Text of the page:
Do you suffer from dry, itchy, scaly skin? You’re not alone. Both psoriasis and eczema are common skin conditions that affect millions of Americans. Eczema and psoriasis can look very similar to the untrained eye. Both conditions have red, scaly patches of skin. They have similar appearances but are also very different.
“Normal” skin takes about a month for the skin cells to regenerate, however, people with psoriasis this process usually happens every three to four days. The most common type of psoriasis appears with red patches and typically silvery, white coating of dead skin cells, this is called plaque psoriasis. Plaque Psoriasis is typically found on the scalp, elbows, knees, lower back and genitals, but it can however show up anywhere on the body. These patches are prone to cracks and bleeding and are often times painful and itchy.
There are other less common forms of psoriasis such as Guttate psoriasis, which typically begins in childhood and can be triggered by a strep infection. Pustular psoriasis which affects the hands and feet typically has the appearance of pus-filled blisters. A rarer and more severe form of psoriasis is known as Erythrodermic psoriasis. This is widespread throughout the entire body and the itching and pain is very intense and can cause extreme discomfort.
Eczema tends to be more common, affecting an estimated 30 million Americans. Eczema typically looks red and scaly. Skin affected by eczema is also typically very itchy and have cracked, raised, bumpy skin. Contact dermatitis is another form of eczema that typically happens when new chemicals are introduced to the body such as different laundry soap, poison ivy, or other skin care products.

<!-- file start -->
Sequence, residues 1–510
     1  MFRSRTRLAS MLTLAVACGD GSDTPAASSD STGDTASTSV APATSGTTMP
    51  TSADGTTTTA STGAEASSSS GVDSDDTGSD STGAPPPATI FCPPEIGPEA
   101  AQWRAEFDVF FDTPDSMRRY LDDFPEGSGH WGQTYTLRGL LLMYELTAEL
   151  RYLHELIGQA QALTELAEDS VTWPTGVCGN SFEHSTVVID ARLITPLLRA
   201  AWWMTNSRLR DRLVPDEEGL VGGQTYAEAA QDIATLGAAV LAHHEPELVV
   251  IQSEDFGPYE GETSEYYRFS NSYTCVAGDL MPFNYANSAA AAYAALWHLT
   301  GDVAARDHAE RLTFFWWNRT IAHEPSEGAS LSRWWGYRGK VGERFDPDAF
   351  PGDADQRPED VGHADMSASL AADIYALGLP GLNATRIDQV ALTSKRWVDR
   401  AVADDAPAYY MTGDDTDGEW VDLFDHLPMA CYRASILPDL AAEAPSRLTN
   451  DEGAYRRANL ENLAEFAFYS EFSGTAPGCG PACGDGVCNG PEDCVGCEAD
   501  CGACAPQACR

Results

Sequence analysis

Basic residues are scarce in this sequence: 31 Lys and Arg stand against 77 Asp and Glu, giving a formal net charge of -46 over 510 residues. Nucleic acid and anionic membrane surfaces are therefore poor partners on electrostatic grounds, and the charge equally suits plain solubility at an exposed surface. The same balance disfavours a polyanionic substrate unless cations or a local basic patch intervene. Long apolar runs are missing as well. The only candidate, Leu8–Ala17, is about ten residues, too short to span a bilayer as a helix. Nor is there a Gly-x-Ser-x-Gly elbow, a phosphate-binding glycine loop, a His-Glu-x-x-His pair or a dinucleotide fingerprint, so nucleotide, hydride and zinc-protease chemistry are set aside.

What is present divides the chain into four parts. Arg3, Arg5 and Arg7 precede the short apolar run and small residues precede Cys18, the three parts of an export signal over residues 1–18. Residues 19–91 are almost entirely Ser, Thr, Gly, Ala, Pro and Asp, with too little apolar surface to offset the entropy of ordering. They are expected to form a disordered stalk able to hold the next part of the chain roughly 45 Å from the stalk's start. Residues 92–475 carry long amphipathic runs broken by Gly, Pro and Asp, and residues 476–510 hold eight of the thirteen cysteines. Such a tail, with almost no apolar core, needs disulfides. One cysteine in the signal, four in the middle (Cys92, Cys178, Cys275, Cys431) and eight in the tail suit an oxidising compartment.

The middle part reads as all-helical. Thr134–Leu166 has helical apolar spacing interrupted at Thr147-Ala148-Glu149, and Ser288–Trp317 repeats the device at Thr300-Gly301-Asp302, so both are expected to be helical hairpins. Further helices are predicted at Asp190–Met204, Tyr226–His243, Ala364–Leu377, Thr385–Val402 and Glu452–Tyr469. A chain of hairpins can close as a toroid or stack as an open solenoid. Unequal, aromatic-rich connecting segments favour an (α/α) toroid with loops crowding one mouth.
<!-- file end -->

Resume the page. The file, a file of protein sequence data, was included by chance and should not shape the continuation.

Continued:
Psoriasis and eczema are totally different conditions; however, they have very similar treatments. There is no cure for either of the two conditions, but topical ointments can help reduce redness and inflammation, this is typically the first step in finding the right treatment. If you have tried topical treatments and haven’t had the relief you’re seeking, a dermatologist will be able to perform ultraviolet light therapies to help reduce redness and inflammation. Please call our office to schedule your consultation so we can help make a treatment plan to best fit your needs.
Disclaimer: This blog provides general information and discussion about medical, cosmetic, mohs, and surgical dermatology. The words and other content provided in this blog, and in any linked materials, are not intended and should not be construed as medical advice. If the reader or any other person has a medical concern, he or she should consult with an appropriately-licensed dermatologist or other health care worker.